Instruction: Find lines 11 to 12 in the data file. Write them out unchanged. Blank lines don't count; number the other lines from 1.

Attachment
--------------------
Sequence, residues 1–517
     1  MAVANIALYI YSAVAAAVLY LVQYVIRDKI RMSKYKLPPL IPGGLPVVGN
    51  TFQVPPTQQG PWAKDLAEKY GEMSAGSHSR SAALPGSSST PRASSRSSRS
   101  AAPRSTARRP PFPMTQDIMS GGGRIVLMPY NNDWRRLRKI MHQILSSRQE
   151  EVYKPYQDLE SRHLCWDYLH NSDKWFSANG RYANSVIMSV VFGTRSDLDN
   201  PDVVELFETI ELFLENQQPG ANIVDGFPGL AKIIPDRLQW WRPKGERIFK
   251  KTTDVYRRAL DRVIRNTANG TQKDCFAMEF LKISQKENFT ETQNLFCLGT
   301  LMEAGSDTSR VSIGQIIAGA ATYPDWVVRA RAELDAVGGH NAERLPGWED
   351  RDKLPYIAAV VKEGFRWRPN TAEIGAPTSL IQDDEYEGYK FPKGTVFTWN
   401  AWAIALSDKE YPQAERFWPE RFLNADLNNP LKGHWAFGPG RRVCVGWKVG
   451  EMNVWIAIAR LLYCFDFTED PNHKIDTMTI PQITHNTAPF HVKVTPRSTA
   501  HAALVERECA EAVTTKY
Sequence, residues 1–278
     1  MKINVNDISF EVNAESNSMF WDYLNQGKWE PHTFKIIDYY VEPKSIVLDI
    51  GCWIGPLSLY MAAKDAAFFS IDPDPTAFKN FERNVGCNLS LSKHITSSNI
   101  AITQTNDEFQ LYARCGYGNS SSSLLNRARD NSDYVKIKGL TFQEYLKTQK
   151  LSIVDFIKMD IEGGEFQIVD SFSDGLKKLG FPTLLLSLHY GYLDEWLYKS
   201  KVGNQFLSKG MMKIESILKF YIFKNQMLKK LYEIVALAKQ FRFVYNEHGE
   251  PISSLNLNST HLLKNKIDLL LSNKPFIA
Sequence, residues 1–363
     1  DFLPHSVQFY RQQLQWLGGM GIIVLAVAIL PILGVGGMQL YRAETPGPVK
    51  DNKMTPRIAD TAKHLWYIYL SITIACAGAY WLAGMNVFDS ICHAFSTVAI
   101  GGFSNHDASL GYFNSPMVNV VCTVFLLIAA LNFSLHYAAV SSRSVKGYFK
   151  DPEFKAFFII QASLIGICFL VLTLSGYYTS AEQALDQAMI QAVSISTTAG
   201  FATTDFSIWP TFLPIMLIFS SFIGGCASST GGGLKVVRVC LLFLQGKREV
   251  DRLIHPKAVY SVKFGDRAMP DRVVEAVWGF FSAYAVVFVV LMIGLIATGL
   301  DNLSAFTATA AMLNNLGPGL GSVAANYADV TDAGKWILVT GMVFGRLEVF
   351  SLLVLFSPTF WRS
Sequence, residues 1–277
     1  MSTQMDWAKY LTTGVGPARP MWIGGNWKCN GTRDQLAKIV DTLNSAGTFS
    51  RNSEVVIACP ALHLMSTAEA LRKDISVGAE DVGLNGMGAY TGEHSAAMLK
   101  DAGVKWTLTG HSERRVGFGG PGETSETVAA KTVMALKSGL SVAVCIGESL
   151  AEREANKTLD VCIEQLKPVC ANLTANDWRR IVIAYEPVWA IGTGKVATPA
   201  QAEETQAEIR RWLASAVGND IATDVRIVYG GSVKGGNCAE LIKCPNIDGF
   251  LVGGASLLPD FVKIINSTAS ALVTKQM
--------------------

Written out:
   451  EMNVWIAIAR LLYCFDFTED PNHKIDTMTI PQITHNTAPF HVKVTPRSTA
   501  HAALVERECA EAVTTKY